When it comes to child care, parents are more likely to experience set backs at work if they don't have reliable providers they can count on to care for their kids.
And according to a new study by the Center for American Progress, Black parents who have problems finding child care quit their jobs, do not take employment or change their work at a rate double that of White parents facing a lack of care. About 13.1% of Black parents say they've experienced these hardships as opposed to 7.2% of White parents.
It's a situation that Brittany Williams, 34, a Seattle-based in-home caregiver, is very familiar with. Over the recent July Fourth holiday weekend, she couldn't go to work because her 7-year-old son's summer camp program was closed. And getting a babysitter for the weekend just wasn't an option because it's simply too expensive.
"I do what I can and at the end of the day, even though I love my job, I tell them my child comes first," Williams, a single mother, tells CNBC Make It.
Securing good, affordable child care has always been problematic for Williams, even though she qualified for a voucher through Seattle's child-care assistance program earlier this year. The voucher program, which is limited to those making less than 350% of the federal poverty level, pays for between 25% and 70% of a child-care provider's rate. But Williams is limited to centers within the program that are licensed with the city of Seattle.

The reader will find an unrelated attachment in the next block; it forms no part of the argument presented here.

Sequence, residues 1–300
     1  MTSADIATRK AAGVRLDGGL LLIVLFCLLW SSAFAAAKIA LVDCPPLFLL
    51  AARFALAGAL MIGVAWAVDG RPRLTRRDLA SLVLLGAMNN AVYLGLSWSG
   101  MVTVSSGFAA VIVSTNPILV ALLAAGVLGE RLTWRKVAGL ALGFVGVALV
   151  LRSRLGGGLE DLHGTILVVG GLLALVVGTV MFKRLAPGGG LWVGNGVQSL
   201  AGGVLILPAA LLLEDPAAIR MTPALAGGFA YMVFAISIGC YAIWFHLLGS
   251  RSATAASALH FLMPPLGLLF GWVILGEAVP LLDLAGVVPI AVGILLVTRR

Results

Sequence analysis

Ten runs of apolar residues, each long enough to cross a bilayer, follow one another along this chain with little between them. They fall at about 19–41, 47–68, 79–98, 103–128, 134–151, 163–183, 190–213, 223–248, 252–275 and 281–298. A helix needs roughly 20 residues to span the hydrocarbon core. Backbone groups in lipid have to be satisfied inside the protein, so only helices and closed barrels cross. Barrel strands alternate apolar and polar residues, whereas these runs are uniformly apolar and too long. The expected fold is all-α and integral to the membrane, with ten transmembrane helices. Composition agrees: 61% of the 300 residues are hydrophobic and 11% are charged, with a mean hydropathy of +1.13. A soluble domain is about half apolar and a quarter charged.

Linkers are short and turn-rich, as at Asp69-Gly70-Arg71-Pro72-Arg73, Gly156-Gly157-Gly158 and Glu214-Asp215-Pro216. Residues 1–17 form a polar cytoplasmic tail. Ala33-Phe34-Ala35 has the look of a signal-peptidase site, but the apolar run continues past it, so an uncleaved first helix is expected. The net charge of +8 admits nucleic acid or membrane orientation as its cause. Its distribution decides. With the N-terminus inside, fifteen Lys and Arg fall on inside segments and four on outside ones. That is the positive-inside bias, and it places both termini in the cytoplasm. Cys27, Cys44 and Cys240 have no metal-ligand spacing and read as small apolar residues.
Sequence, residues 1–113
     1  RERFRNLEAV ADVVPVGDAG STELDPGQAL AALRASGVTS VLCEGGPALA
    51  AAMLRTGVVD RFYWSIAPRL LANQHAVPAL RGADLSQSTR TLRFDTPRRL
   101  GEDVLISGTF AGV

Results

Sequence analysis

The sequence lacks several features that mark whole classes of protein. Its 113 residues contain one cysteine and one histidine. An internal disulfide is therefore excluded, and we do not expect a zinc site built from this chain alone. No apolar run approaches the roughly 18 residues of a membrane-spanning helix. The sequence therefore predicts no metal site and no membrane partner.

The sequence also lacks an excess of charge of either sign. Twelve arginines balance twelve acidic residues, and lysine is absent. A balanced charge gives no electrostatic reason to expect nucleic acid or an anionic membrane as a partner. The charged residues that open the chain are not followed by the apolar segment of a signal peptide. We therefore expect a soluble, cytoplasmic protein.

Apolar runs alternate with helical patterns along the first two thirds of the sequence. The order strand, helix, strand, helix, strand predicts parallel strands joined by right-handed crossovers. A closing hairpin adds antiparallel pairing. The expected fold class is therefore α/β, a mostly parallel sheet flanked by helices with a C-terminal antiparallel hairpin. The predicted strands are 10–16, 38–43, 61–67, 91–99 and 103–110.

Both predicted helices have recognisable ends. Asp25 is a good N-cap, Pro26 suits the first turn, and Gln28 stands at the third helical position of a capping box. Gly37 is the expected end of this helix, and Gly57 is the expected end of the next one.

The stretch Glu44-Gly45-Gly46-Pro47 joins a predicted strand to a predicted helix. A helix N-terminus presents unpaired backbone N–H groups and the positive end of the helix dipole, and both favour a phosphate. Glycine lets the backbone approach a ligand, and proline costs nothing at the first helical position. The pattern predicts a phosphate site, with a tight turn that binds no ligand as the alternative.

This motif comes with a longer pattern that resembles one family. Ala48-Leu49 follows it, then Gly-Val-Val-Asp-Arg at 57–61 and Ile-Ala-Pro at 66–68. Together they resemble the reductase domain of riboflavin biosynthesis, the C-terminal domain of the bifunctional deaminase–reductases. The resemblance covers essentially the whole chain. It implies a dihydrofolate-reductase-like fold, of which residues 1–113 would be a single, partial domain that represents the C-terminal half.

Prior to receiving the voucher, Williams found it nearly impossible to find care when school wasn't in session. Last summer, she wasn't able to go to work most of the time because she didn't have a voucher and couldn't find affordable child care. The times she was able to get to work, it was because friends agreed to help her out by watching her son.
But most of her friends live in Tacoma and Federal Way, Washington, about 25-30 miles outside downtown Seattle where Williams lives. She doesn't have a car, so she has to take her son by bus to stay with her friends and then back to Seattle before she can even head to her clients. "By the time I make it to where I'm going, I've spent more time on the buses than I do at work," Williams says.
As a caregiver working for both an agency and an individual provider through the Washington State Department of Social and Health Services, Williams says she's able to choose clients that work around her schedule. Yet with the transportation issues and the hours her child-care programs are open, she's only able to put in about five-hour days. And while she makes $16.35 an hour (above the national median wage for caregivers of $11.52), money is still tight.
"When parents are unable to find child care, their ability to work and provide for their family suffers," writes Cristina Novoa, author of the report and senior policy analyst for Early Childhood Policy at American Progress.
About 21.5 million workers in the U.S. have a child under the age of 6, reports the Bureau of Labor Statistics. But due to "decades of occupational and residential segregation," American Progress finds that Black and multiracial families tend to experience more child-care hardships because they typically have less access to remote work and job flexibility.